By Nancy Baye
“I drink it when I’m happy and when I’m sad. Sometimes, I drink it when I’m alone. When I have company I consider it obligatory. I trifle with it if I’m not hungry and drink it if I am; otherwise I never touch it – unless I’m thirsty.”
– Madame Bollinger.
I was fizzed for the chance to attend the “All About Bubbly” seminar at this year’s Vancouver International Wine Festival and it certainly didn’t fall flat.
Festival Sommelier Terry Threlfall and Master Sommelier Matt Stamp brought a wealth of expertise to the event and set a tone as light and sparkling as the beverages themselves.
Controversy Bubbled Over
The seminar delved into current champagne debates: Prosecco vs. sparkling wine; food pairings (popcorn and soup highly recommended!), as well as the serving glass debate.
The opinion that a classic wine glass allows for enhanced aroma won over at VIWF, so all our sips were served in glasses rather than flutes.
Note: the secret to keeping bubbles strong is to hand wash the glasses before pouring – a must for the real stuff!
More at the Door
Today, really good bubbly wine comes from all corners of the wine world and is expressed through many different styles and methods. Its levels of quality and acceptance are growing every day.
The trending change in the attitude toward sparkling wine was flagrantly and comically demonstrated by Brian Lynn, proprietor of Majella Wines of Coonawarra. His Sparkling Shiraz, the closer of the seminar, is definitely not a wine that takes itself seriously. When Lynn raved at how brilliantly his bubbly pairs with barbecue or breakfast, it was clear that this vintner didn’t take himself too seriously either.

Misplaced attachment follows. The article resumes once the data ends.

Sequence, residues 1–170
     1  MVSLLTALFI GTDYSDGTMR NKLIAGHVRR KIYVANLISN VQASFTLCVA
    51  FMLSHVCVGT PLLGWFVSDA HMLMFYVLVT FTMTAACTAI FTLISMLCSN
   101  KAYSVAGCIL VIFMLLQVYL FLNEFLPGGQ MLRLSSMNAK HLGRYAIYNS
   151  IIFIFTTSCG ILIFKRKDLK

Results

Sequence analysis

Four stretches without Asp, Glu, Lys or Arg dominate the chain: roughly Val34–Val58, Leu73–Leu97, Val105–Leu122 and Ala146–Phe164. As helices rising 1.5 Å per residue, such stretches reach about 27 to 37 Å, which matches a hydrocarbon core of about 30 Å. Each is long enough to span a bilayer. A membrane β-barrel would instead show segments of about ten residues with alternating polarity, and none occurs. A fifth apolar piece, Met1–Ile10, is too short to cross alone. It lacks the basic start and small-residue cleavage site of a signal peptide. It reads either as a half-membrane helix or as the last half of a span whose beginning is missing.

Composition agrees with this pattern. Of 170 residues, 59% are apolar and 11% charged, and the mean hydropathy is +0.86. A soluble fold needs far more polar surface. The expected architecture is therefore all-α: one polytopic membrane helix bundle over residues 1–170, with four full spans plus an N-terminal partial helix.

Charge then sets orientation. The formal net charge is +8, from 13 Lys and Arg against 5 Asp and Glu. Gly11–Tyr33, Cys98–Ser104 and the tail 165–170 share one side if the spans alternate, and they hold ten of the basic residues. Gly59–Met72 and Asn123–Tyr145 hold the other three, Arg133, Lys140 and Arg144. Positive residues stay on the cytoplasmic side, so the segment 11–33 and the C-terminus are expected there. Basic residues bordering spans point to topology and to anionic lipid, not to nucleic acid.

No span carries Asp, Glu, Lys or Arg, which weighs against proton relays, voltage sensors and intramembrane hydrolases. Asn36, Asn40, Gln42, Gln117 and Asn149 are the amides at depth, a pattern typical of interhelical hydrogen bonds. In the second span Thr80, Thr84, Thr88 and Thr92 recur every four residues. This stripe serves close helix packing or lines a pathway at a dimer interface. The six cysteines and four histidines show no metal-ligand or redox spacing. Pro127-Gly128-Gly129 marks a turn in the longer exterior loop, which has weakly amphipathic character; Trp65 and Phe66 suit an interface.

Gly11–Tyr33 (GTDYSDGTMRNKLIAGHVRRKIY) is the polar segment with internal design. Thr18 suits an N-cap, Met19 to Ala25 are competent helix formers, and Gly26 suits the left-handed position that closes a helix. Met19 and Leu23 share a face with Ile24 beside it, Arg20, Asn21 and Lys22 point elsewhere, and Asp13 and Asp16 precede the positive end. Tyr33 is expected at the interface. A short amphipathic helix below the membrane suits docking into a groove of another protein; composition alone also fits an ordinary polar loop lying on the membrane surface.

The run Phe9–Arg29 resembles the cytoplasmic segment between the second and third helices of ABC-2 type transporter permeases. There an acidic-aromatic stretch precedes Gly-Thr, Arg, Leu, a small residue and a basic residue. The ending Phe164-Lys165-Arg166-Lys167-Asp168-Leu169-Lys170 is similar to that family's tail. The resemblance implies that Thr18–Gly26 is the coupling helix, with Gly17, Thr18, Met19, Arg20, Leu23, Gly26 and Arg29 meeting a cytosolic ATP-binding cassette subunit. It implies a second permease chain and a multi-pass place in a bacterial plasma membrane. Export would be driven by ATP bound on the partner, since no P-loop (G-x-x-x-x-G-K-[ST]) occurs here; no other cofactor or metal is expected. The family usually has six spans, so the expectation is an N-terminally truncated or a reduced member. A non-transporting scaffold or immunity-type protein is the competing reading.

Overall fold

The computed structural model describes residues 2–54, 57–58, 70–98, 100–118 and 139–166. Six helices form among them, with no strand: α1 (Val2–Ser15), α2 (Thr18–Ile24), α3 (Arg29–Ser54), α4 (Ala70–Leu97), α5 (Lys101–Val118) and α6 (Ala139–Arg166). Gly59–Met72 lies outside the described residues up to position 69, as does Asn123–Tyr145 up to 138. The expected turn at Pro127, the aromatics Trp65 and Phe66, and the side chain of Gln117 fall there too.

Throughout the tastings, we had the pleasure of hearing from a principal of each winery. Often this was a family member, since champagne has such a long family-made tradition. It provided a running commentary that was elucidating and often humorous, even with zee zick French accents.
In the realm of sparkling wine, there was a lovely local example from Summerhill Pyramid Winery. At $27 a bottle, this Cipes Brut NV blends Riesling and Chardonnay in the traditional method. It offers aromas of apple, lime and pear and has a crisp acidity. Its soft creamy mousse has a long finish.
A treat from Down Under was the Jansz Vintage Cuvee 2008. Tasmania’s cold climate serves this sparkler well, rendering a light elegant body with a lime salt character. Notes of lemon and strawberry balance the yeast aging notes of shortbread. A hit at $50 a bottle.
But. But. Buuuut. When I raised a glass of rose-tinted Laurent-Perrier Cuvee Rose NV to my lips something spectacular happened. A sip of this stuff sent a delicious quiver of electricity through my body and out my Chakra points. Now that’s champagne!
With an elegant pink blush of colour and subtle fresh aroma of berries, a fine bead that dances on the palate, and a long lovely finish, this well-rounded wine is a symphony for the soul.
Is the experience worth $99 a bottle? Even for a starving writer, I dare say, yesss. . .
It was hard to come down from the dizzying heights that L-P took me too. But savouring the gorgeous Thienot Cuvee Garance, Blanc de Noir 2006, really helped.
The bottom line is that Champagne perfected the wine we call champagne, and ultimately nothing compares to the original stuff. At least not yet.
At worst, champagne is a festive treat that declares an occasion to be ‘special.’
But at best, oh at best. Finding a champagne that suits your taste and has centuries of blood, sweat and soul behind it, ohhh. That is the nectar that will send a thrill of pleasure coursing through your body and put you into a perfect parallel reality. That was how my first sip of L-P was. And my second. And third . . .
So, assuming your social life and bank account don’t provide opportunities to dive into real Champagne, what’s your current alternate choice in the wide world of bubbly? I’d love to know.